When Luck Is On Your Side

image: vimeo

LIFE as a student here is not fun. Everyday is a homework day, including the holidays. Sometimes, we get stressed, sometimes, we can’t even catch up. And it gets worse if you are not an ‘A’ student like me. For Maths last year at the mid-year exams, I got 73; for science, 68; for English, 78.5; and for Chinese, thank goodness, I made myself proud. I scored 83, that’s an ‘A’. Still, overall, it was a lackluster performance. To the teachers, it was not lackluster, it was just bad.

Like the good student that I am and always strive to be, I worked hard, very hard, night and day, day and night, in the hope that lackluster and mediocre would turn into something shinier and brighter.

Would the toil pay off? Would it ever make a difference?

There was a mad kind of desperation for a month, then two, leading up to the final-year exams, but by the third month, I felt so tired I really didn’t care anymore. My motto, as the days approached the exam, was, “Ah, just go do it, and do your best!” I like to think this was all inspired by my mom and dad. Am I lucky or what?

A week after the exams, Mr. Goh, our science teacher, called upon four students to his desk. I was one of them.

“Well done!” he told us. “All of you, you’re going to get an award.”

“What are we getting?” Jeff asked.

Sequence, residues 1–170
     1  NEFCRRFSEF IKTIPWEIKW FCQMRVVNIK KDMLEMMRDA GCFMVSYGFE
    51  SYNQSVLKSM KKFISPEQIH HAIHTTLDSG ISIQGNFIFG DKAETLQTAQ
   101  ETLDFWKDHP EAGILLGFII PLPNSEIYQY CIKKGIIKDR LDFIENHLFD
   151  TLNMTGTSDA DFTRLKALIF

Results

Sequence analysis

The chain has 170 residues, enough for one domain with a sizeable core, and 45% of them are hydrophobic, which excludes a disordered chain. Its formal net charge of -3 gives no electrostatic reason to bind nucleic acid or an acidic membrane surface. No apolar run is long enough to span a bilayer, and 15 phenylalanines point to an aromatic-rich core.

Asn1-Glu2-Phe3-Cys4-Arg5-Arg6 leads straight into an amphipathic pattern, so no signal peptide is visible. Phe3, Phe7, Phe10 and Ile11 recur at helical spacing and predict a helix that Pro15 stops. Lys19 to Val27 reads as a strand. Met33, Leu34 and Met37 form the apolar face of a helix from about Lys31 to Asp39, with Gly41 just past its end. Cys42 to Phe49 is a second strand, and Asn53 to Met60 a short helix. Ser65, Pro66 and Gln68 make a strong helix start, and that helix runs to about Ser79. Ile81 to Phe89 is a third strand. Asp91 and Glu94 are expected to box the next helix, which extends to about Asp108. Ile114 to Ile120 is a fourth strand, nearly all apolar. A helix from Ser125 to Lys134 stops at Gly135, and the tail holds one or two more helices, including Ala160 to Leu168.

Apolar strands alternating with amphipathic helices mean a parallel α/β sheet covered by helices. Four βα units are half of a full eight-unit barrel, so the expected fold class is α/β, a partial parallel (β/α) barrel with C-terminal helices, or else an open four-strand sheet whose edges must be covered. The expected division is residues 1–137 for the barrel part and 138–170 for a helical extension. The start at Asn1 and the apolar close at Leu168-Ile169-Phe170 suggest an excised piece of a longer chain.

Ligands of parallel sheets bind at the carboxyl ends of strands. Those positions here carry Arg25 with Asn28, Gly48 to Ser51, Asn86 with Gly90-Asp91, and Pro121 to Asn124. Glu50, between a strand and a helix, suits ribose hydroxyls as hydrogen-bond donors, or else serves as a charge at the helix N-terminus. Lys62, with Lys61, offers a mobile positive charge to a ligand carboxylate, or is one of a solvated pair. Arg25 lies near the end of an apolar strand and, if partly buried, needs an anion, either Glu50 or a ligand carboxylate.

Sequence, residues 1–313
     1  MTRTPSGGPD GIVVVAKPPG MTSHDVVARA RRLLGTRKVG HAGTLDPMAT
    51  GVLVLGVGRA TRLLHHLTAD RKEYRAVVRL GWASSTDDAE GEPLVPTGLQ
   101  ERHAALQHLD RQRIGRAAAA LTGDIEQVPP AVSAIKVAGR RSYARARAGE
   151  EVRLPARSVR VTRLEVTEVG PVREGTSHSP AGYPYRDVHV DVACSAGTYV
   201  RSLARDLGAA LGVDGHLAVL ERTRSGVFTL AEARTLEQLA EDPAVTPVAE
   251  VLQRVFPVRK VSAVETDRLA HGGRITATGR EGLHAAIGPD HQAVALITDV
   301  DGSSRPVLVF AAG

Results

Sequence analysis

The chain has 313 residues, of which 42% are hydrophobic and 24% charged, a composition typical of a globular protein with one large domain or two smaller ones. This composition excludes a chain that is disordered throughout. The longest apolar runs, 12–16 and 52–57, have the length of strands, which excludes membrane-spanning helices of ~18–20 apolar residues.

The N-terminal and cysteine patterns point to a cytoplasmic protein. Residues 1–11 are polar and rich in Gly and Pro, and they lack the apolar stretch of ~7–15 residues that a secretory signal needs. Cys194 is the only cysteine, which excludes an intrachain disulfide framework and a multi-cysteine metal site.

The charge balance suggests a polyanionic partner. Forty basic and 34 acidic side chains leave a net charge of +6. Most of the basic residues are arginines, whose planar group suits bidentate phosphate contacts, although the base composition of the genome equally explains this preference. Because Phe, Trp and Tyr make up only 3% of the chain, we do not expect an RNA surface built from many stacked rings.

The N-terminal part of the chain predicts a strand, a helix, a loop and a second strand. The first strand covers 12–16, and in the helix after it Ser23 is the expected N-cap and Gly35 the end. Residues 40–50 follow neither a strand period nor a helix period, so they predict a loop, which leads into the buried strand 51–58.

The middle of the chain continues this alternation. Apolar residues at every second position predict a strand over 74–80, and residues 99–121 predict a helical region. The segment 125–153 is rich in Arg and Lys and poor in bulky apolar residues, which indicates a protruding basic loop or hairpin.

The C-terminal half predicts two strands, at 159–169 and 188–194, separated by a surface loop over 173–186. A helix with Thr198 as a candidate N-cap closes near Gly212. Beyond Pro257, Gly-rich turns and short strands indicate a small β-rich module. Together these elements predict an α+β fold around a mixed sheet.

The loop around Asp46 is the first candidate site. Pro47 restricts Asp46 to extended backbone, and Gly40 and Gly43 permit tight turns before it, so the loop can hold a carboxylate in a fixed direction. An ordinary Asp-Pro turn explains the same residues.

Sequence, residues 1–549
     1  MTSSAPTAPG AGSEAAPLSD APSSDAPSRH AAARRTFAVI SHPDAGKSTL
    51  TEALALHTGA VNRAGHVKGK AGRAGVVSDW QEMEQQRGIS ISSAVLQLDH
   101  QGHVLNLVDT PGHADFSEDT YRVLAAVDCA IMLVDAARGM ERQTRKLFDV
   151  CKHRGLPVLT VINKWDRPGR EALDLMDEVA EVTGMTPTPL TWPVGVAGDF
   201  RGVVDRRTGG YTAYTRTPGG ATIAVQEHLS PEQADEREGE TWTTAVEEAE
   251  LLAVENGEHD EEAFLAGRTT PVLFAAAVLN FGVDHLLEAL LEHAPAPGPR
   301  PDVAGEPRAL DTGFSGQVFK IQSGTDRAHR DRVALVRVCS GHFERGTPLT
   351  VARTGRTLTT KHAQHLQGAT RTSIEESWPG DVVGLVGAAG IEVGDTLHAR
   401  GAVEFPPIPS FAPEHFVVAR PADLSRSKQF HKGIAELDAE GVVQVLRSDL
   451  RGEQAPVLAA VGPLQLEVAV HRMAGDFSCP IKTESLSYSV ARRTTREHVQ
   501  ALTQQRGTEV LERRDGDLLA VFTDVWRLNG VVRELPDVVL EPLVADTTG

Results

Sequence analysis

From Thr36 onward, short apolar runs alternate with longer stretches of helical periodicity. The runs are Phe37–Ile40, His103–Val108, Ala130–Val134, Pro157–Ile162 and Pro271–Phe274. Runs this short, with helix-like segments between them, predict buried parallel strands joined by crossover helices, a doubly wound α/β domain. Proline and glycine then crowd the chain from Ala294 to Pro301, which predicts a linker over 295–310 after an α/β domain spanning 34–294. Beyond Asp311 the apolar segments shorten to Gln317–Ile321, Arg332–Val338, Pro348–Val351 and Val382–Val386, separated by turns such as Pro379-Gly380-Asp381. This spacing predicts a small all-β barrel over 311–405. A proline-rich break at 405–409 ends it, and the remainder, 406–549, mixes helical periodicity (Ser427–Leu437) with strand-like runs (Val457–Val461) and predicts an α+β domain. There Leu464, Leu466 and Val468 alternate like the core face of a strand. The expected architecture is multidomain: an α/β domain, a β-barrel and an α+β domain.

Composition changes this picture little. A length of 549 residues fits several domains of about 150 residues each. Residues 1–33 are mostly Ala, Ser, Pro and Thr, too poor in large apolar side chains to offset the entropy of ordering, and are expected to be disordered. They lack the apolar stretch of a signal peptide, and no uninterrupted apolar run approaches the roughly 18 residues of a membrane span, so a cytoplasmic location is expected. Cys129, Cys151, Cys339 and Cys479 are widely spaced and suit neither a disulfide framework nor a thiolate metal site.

“I’m not going to tell you.”

A week later, at the prize-giving ceremony, I still didn’t know what award I was up for until Mrs. Sachi, some Head of Department, announced my name: “Chia Xin Yu, second best student of the level.”

As it turned out, luck was truly on my side.

(303 words)


Chia Xin Yu, Primary Six
April 2018

For more essays by Xin Yu, visit Xin Yu Writes.

This essay was written in response to the theme, “A Proud Moment,” and three pictures: (1) a pair of clapping hands, (2) a trophy, (3) a sheet of paper with the word “Well Done” written on it


1 thought on “When Luck Is On Your Side

  1. Hi! It’s interesting to me how academic culture and attitudes vary so much globally – I grew up in the UK, and many (but not all) students worked for the top grades. Each year my school handed out awards to the top achievers in each subject, and those who had done well overall in their exams. At university, students feel a pressure to get at least a 2.1 as this opens up far more opportunities in the graduate job market. By contrast, I have also studied in Sweden, where as far as I know there are no special celebrations for those who get the top grade, and for most university students a pass grade is seen as good enough. I wonder what creates these different attitudes.


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